Note that the corresponding lister will only know about the objects matching the namespace and the given ListOptions. Note that the same restrictions apply for a List or Watch call on a client.

This production code example of a cert-manager demonstrates how namespace informers can be used in real code.

Polymorphic scale client

Historically, only types in the extensions API group would work with autogenerated Scale clients. Furthermore, different API groups use different Scale types for their /scale subresources. To remedy these issues, provides a polymorphic scale client to scale different resources in different API groups in a coherent way:

import (

apimeta ""
discocache ""
cachedDiscovery := discocache.NewMemCacheClient(client.Discovery())
restMapper := discovery.NewDeferredDiscoveryRESTMapper(
scaleKindResolver := scale.NewDiscoveryScaleKindResolver(
scaleClient, err := scale.NewForConfig(
client, restMapper,
scale, err := scaleClient.Scales("default").Get(groupResource, "foo") 

The returned scale object is generic and is exposed as the autoscaling/v1.Scale object. It is backed by an internal Scale type, with conversions defined to and from all the special Scale types in the API groups supporting scaling. We planto extend this to CustomResources in 1.10.

If you’re implementing support for the scale subresource, we recommend that you expose the autoscaling/v1.Scale object.

Type-safe DeepCopy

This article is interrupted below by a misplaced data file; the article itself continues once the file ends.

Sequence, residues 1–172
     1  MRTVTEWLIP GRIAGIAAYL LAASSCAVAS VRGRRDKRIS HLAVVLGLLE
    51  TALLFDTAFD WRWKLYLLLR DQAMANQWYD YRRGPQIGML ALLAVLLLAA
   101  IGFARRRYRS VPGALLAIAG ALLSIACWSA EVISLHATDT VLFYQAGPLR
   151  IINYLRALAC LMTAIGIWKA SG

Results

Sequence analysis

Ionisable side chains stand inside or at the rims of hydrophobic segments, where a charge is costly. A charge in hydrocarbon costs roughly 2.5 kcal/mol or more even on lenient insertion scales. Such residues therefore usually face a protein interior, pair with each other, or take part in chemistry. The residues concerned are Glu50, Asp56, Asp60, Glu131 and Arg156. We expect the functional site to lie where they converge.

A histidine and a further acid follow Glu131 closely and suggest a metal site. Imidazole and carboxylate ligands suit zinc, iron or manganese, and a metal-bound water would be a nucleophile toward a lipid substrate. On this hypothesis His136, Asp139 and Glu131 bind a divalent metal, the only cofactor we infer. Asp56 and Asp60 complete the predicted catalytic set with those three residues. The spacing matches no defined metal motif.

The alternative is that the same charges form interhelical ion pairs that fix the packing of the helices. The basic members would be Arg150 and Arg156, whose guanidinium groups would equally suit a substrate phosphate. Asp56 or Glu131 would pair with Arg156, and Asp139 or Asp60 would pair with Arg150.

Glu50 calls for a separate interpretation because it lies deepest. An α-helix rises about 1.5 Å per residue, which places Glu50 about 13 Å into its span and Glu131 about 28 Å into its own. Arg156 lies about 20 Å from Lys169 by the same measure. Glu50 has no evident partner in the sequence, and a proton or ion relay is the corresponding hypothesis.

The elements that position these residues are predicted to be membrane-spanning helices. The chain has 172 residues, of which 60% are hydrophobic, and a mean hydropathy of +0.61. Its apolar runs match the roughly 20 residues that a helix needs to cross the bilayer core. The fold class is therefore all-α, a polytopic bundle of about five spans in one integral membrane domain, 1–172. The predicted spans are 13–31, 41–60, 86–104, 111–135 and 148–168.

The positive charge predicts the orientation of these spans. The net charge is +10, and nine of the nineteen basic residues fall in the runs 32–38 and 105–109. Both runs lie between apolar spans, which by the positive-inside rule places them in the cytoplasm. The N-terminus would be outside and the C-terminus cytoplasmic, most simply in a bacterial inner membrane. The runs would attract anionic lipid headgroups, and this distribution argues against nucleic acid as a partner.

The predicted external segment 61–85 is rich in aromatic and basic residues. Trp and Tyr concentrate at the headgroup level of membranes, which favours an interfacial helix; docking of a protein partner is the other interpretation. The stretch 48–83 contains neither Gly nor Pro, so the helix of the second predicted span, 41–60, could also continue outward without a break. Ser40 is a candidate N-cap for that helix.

Deeply copying an object formerly required a call to Scheme.Copy(Object) with the notable disadvantage of losing type safety. A typical piece of code from client-go version 5 required type casting:

newObj, err := runtime.NewScheme().Copy(node)

if err != nil {
   return fmt.Errorf("failed to copy node %v: %s”, node, err)

newNode, ok := newObj.(*v1.Node)
if !ok {
   return fmt.Errorf("failed to type-assert node %v", newObj)


Thanks to, Copy has now been replaced by a type-safe DeepCopy method living on each object, allowing you to simplify code significantly both in terms of volume and API error surface:

newNode := node.DeepCopy()

No error handling is necessary: this call never fails. If and only if the node is nil does DeepCopy() return nil.

To copy runtime.Objects there is an additional DeepCopyObject() method in the runtime.Object interface.

With the old method gone for good, clients need to update their copy invocations accordingly.

Code generation and CustomResources

Using client-go’s dynamic client to access CustomResources is discouraged and superseded by type-safe code using the generators in Check out the Deep Dive on the Open Shift blog to learn about using code generation with client-go.

Comment Blocks

You can now place tags in the comment block just above a type or function, or in the second block above. There is no distinction anymore between these two comment blocks. This used to a be a source of subtle errors when using the generators:

// second block above
// +k8s:some-tag

// first block above
// +k8s:another-tag
type Foo struct {}

Custom Client Methods

You can now use extended tag definitions to create custom verbs . This lets you expand beyond the verbs defined by HTTP. This opens the door to higher levels of customization.

For example, this block leads to the generation of the method UpdateScale(s *autoscaling.Scale) (*autoscaling.Scale, error):

// genclient:method=UpdateScale,verb=update,subresource=scale,,

Resolving Golang Naming Conflicts

In more complex API groups it’s possible for Kinds, the group name, the Go package name, and the Go group alias name to conflict. This was not handled correctly prior to 1.9. The following tags resolve naming conflicts and make the generated code prettier:

// +groupGoName=SecondExample

These are usually in the doc.go file of an API package. The first is used as the CustomResource group name when RESTfully speaking to the API server using HTTP. The second is used in the generated Golang code (for example, in the clientset) to access the group version: